Wednesday, March 30, 2011

The Failings of Conventional Wisdom

Another interesting bit from the most recent Jorge Zepeda Patterson column:
In the first version of this article, Saturday morning, I wrote that eveything indicated that Alfredo del Mazo would be the candidate of the government of Mexico State. It's not that any bird (or Gaviota) had told me so, or that I had intercepted an email from Peña Nieto's own desktop. I simply responded to the echo of a dozen or so political columns that had taken for grantd that Mazo would be the PRI's horse. Before finishing my article the mayor of Huixquilucan had stepped aside for Eruviel Ávila, surprising everyone. What happened?

Normally the punditocracy has a good batting average. The newspapermen and columnists tend to anticipate changes in the cabinet or the sort of projects that are cooked up behind the scenes. But the mistake with Del Mazo reveals one of the weaknesses of a system based on leaks, true or not. The leak is not an opinion that you can rebut, it's not a piece of info that you can verify or debunk easily. It's a prophetic revelation that upon circling enough becomes assumed as truth. The best demonstration of this power was the decision to anticipate the unveiling of Eruviel Ávila on Saturday, before the rumor in favor of Alfredo del Mazo elevated the cost of the political fracture that all defeats entail.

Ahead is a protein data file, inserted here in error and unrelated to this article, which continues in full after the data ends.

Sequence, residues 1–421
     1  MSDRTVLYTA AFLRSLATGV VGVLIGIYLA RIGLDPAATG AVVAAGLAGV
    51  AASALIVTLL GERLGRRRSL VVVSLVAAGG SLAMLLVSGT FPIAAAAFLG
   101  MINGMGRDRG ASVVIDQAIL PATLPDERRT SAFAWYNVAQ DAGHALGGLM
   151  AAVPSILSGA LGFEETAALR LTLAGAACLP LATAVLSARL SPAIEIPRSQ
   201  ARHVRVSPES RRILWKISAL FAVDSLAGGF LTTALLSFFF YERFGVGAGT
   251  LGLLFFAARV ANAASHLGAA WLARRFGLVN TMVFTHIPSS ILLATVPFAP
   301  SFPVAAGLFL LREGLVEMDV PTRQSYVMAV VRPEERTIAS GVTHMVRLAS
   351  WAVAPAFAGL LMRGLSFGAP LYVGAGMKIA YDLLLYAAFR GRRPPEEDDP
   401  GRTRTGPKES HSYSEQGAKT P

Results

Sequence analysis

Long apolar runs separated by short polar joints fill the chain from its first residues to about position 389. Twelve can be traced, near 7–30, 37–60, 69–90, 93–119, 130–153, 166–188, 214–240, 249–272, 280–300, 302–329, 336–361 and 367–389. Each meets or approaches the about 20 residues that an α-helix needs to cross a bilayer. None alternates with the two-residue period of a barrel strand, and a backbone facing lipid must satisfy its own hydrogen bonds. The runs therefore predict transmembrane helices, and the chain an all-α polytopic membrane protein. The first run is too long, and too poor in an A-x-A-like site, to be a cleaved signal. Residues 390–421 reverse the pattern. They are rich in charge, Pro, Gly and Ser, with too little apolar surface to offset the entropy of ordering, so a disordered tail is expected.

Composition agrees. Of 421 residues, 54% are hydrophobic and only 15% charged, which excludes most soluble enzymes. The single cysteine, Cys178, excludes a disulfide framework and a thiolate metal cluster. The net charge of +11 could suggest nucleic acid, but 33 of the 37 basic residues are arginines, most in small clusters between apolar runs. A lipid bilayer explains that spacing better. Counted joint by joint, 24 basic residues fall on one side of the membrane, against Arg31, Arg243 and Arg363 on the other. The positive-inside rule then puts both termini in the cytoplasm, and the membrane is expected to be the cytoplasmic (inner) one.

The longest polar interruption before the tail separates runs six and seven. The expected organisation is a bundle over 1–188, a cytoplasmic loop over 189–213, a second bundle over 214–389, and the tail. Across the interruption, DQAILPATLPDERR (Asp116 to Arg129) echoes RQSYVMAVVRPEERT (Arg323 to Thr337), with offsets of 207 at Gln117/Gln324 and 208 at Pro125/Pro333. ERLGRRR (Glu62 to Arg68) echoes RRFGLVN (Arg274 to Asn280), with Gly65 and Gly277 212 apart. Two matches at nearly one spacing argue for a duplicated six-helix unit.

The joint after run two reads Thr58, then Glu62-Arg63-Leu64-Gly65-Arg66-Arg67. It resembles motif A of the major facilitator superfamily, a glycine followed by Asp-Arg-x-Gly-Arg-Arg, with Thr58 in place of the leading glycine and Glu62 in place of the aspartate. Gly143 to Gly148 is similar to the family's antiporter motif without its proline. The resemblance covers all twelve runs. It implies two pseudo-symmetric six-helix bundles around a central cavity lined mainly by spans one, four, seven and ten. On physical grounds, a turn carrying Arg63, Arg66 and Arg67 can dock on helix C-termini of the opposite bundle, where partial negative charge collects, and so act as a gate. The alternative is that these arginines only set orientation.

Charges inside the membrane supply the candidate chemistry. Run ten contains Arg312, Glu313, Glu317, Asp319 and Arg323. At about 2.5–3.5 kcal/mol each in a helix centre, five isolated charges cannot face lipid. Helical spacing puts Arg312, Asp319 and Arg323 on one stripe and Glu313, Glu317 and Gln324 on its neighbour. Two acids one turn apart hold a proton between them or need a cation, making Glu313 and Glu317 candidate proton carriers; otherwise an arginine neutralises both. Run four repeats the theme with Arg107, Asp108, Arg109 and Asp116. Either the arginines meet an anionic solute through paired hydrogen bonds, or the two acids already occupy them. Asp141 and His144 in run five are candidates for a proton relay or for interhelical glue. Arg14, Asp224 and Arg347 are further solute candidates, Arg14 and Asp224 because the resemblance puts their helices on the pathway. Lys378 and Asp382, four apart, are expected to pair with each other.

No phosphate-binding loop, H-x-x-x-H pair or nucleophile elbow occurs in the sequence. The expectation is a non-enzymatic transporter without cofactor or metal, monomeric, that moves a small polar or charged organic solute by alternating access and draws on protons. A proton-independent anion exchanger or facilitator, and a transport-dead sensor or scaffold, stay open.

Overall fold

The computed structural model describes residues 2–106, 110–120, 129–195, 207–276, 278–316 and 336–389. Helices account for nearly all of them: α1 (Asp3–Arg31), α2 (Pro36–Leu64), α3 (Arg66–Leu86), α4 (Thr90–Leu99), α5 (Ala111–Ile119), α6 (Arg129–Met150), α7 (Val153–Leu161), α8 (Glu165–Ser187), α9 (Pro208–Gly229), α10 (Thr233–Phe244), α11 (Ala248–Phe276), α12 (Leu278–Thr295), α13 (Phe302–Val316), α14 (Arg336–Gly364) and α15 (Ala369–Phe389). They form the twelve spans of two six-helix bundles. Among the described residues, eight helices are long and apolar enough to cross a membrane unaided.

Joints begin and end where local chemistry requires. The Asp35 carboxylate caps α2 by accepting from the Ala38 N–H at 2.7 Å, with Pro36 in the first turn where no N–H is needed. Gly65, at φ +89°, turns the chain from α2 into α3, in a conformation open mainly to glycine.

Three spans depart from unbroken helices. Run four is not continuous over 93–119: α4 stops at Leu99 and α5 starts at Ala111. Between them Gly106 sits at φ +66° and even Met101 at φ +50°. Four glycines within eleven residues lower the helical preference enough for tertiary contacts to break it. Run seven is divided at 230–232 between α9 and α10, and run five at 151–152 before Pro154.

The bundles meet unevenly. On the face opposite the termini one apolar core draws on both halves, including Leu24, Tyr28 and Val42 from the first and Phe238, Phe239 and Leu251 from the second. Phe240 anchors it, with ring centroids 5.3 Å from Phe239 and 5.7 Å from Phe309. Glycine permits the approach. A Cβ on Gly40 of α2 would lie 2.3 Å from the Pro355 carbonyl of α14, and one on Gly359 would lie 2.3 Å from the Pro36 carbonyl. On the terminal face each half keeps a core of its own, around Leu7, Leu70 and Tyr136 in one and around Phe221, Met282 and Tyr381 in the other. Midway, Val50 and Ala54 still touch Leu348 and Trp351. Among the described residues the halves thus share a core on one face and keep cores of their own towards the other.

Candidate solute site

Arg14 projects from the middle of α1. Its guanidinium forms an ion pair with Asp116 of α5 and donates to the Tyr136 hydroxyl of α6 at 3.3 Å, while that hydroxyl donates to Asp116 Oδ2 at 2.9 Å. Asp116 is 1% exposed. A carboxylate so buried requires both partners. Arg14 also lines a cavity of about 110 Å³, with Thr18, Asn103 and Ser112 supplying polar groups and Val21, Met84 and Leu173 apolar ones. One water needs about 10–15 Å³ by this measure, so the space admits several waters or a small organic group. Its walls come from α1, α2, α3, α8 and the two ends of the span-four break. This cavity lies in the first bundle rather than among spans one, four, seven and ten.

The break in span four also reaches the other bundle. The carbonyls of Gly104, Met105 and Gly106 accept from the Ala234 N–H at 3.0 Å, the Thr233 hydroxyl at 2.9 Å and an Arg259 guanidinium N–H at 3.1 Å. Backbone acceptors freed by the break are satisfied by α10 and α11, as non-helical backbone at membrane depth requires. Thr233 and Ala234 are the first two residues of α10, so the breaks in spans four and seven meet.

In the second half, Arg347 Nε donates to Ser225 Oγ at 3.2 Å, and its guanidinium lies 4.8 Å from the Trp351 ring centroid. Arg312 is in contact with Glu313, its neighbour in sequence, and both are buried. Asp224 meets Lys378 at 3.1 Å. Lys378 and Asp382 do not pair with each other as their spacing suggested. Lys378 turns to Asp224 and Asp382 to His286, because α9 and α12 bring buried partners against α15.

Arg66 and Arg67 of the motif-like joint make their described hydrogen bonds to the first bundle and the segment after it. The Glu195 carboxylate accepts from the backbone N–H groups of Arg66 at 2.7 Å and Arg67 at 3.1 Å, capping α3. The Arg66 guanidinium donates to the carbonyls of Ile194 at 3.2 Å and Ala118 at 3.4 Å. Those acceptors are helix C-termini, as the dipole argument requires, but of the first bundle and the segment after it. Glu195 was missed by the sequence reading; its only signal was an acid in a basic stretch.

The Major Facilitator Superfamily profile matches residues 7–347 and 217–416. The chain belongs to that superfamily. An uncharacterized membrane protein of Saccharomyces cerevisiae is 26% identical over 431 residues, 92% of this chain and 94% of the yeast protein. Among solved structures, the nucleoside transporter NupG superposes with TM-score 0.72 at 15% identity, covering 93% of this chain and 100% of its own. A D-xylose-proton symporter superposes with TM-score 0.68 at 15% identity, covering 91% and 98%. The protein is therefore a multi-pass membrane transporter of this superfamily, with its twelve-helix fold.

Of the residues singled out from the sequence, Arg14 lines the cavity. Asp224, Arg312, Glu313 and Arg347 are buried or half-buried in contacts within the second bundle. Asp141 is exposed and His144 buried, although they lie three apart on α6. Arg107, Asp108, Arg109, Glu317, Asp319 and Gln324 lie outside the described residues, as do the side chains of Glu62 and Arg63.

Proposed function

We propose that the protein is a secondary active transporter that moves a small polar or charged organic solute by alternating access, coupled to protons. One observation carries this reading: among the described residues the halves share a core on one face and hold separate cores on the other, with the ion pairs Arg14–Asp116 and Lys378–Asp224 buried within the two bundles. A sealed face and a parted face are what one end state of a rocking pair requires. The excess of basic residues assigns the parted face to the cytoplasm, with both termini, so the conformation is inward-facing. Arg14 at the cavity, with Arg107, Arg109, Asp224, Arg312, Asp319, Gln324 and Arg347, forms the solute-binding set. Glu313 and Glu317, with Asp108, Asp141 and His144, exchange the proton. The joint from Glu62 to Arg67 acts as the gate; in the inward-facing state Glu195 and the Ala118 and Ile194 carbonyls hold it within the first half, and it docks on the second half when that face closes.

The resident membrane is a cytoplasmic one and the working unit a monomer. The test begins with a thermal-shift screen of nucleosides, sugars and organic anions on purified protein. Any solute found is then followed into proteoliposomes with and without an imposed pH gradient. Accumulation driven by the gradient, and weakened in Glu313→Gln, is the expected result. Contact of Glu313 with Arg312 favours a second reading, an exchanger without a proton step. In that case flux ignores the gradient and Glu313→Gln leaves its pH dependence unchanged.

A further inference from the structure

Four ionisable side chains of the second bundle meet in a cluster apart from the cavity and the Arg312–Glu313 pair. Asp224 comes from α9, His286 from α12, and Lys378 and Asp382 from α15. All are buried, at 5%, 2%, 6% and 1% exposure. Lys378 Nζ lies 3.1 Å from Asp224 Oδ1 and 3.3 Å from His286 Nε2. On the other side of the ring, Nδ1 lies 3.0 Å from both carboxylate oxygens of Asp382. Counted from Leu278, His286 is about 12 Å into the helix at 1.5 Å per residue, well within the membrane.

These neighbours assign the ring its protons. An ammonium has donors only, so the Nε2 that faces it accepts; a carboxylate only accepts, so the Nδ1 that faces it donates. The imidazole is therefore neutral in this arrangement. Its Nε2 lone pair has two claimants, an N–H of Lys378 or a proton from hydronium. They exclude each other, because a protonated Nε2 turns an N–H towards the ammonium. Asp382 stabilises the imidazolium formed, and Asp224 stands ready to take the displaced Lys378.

There was a revolutionary general who used to say in that the symphony of barking that rattled around the night, only the first dog knew why he had barked, all the rest were simply his echo chamber. Something similar occurs with the punditocracy. One analyst declares the Del Mazo is "the one", another repeats it and 24 hours later it has become truth.
I have nothing to add, but interesting to see a veteran journalist acknowledge that.

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